There has also been a constant search for cheaper production methods. In looking to exploit other people who don't get paid as much, and shifting industry around the world to people who are less developed, and less fortunate. So that has led to all kinds of problems. For instance, Noguchi does a sculpture for the city of Seattle. He gets an idea, he goes to the Andes in Peru and they select a big stone, which is shipped to Japan, which is carved in Japan, and then is sent back to Seattle. If you go see the beautiful Black Sun, opposite the Seattle Art Museum, that one little sculpture has had all those miles and all that energy. When we were looking for trees for Canary Wharf, Dennis McGlade, one of my partners went to Europe to six countries and surveyed all the big nurseries in those countries and did an inventory. We were competing for trees with the construction of Disney World outside of Paris. Several cities in western France had been hit by a hurricane the previous winter that devastated their park systems and the street trees. We were all looking for trees. We were all competing for the same resource, trees.
Canary Wharf Trees / Photo credit: Dennis Gilbert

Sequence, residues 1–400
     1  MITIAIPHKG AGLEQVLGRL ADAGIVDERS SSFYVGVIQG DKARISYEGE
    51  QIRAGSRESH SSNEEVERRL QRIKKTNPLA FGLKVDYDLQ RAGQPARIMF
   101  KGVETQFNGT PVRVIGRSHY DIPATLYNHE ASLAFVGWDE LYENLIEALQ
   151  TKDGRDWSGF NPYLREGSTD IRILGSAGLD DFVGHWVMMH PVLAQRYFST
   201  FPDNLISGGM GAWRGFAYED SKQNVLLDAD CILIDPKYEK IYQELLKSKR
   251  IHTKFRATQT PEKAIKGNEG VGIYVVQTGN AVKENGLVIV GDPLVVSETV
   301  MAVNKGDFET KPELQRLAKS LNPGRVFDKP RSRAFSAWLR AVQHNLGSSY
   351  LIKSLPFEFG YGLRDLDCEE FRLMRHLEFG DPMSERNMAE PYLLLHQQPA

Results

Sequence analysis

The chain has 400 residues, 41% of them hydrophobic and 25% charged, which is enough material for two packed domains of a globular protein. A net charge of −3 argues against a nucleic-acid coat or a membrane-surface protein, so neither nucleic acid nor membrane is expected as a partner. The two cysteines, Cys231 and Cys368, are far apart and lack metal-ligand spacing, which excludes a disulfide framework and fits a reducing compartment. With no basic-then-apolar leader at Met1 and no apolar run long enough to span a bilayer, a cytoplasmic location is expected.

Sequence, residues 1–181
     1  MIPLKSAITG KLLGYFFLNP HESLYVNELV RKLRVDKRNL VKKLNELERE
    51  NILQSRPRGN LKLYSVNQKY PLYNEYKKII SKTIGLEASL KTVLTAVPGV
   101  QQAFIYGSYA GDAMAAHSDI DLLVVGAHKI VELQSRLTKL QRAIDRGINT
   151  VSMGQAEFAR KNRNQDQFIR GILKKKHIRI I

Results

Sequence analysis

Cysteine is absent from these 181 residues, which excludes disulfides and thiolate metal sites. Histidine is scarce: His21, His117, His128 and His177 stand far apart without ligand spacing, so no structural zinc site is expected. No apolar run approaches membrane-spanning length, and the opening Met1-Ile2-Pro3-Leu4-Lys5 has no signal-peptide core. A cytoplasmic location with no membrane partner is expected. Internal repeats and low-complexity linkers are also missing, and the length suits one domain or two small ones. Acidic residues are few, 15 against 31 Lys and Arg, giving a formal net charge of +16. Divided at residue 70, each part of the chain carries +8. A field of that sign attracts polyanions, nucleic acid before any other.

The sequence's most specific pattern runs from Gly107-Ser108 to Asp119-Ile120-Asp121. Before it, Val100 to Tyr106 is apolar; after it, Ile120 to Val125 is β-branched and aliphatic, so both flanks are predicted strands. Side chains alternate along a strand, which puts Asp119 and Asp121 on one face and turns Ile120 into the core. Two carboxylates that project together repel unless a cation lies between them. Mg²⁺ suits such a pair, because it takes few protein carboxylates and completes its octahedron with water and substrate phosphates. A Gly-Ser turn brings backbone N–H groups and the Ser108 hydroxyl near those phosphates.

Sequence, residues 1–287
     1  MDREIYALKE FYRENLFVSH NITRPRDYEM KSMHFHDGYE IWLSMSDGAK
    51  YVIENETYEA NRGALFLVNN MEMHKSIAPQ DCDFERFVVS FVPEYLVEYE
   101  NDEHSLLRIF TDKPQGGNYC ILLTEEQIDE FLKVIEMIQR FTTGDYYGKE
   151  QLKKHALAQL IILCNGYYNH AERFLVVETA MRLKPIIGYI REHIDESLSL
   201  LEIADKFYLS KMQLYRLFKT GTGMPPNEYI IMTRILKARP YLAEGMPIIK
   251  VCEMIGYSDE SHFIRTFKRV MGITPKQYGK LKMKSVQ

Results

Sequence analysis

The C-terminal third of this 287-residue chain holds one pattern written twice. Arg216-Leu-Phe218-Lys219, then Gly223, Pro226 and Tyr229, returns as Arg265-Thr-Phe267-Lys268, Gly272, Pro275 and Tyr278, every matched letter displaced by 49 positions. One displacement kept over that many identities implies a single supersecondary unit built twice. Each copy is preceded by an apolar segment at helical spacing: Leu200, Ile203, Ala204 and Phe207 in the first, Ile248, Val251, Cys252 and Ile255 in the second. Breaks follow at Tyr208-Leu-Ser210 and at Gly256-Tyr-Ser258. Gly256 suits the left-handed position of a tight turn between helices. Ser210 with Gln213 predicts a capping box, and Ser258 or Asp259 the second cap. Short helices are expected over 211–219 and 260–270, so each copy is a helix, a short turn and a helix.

We found the trees we liked in Germany that had been grown from lining-out stock from the Willamette Valley in Oregon. We find people starting seedlings, setting them out-acres and acres and miles of nurseries in central Oregon, central western Oregon, which then become the nursery stock for nurseries all over America and Western Europe. For a project in Portland, Oregon, we're paving a new square and several streets with stone. Talk about sustainable, this will really last. It's not going to wear out like concrete or asphalt. The stone is good stone, but it's coming from China and that's because we can't afford the stone that we could buy from Minnesota. Well, there's something wrong with that. On the other hand it's good for the Chinese, who now have an industry of cutting stone and selling it to the world.